With funding provided by PEC’s Krebser Fund for Rappahannock County Conservation, the Sperryville Community Alliance has been able to complete a Trail Study and Invasive Species Management Plan.
Rappahannock County Park has been visited recently by the Appalachian Conservation Corps (ACC), an AmeriCorps program of Conservation Legacy. The Piedmont Environmental Council, PEC’s Krebser Fund for Rappahannock County and Friends of the Rappahannock (FOR) have partnered with the ACC to bring a crew of 6 young adults to the Piedmont region for tree plantings and trail maintenance projects.
Along the Rush River in the town of Washington, just a few miles east of the Shenandoah National Park, the 7.3-acre Rappahannock County Park is best known by locals for its pirate-ship playground, skate park, tennis courts, and picnic area. But, it has also come into focus recently for its natural beauty.
As the fog broke on a brisk November morning in Madison County, more than three dozen people arrived at the Whiteoak Canyon trailhead ready to celebrate the new, 35-foot, open-span bridge over Cedar Run. They marveled at the sounds of water bubbling over the rocky streambed from the north side of the bridge to the south. Many walked upright beneath the sturdy, brown, steel-framed structure. And all excitedly searched the deep pools for our guests of honor—the native brook trout, a species of concern on Virginia’s Wildlife Action Plan.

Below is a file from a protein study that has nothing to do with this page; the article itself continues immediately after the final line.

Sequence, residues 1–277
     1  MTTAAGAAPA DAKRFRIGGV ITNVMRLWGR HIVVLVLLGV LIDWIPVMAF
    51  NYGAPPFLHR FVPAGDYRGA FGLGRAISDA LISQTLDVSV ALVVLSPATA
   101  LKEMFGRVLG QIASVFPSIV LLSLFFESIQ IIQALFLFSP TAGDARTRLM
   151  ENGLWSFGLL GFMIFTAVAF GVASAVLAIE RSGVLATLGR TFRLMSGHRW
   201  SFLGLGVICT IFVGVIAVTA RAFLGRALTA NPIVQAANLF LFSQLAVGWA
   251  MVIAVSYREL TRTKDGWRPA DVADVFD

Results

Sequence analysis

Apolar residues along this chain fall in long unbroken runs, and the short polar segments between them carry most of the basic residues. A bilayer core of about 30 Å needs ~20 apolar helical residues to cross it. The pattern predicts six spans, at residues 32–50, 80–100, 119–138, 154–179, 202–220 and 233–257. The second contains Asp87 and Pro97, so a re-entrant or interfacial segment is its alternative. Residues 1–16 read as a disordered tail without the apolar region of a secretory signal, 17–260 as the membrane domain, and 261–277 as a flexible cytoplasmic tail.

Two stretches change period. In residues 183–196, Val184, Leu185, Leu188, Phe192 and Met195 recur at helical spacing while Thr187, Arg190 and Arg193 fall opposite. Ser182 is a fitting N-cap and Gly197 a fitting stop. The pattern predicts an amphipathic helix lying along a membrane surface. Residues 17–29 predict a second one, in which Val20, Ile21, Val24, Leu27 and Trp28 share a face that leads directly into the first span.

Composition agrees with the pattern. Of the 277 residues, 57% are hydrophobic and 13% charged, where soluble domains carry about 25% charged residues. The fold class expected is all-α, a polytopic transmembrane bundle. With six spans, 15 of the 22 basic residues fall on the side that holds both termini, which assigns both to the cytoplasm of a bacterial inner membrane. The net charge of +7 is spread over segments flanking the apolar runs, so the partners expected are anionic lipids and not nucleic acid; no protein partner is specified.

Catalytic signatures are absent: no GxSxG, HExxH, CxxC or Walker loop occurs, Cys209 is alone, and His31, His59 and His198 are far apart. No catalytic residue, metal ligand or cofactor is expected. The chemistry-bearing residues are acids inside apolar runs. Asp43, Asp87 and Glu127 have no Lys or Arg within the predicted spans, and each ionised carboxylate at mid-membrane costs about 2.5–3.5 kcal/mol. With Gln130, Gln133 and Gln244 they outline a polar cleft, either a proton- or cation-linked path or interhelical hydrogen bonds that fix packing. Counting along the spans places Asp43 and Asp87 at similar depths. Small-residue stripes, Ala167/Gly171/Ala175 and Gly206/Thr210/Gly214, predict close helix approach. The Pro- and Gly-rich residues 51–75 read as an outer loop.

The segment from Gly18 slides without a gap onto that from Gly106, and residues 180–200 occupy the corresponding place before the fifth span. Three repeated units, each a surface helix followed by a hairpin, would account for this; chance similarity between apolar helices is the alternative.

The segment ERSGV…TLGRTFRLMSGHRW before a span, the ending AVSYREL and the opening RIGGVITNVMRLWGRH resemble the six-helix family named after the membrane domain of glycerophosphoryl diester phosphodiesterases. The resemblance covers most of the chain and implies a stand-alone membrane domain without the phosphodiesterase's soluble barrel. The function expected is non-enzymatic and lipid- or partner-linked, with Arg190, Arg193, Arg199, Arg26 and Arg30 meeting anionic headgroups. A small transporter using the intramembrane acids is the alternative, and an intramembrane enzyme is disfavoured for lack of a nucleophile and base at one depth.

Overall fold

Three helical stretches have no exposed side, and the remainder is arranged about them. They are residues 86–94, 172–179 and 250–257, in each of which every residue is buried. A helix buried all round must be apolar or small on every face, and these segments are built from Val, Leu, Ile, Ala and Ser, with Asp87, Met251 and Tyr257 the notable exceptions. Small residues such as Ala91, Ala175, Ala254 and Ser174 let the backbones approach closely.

SYRIA, VA: The new 35-foot span bridge across Cedar Run offers hikers and nature-loving community members improved access to the popular Whiteoak Canyon trailhead and opening up three miles of stream habitat to native fish for the first time in decades. The effort is a public-private partnership between Shenandoah National Park, The Piedmont Environmental Council, Trout Unlimited, and the local landowners, the Graves family.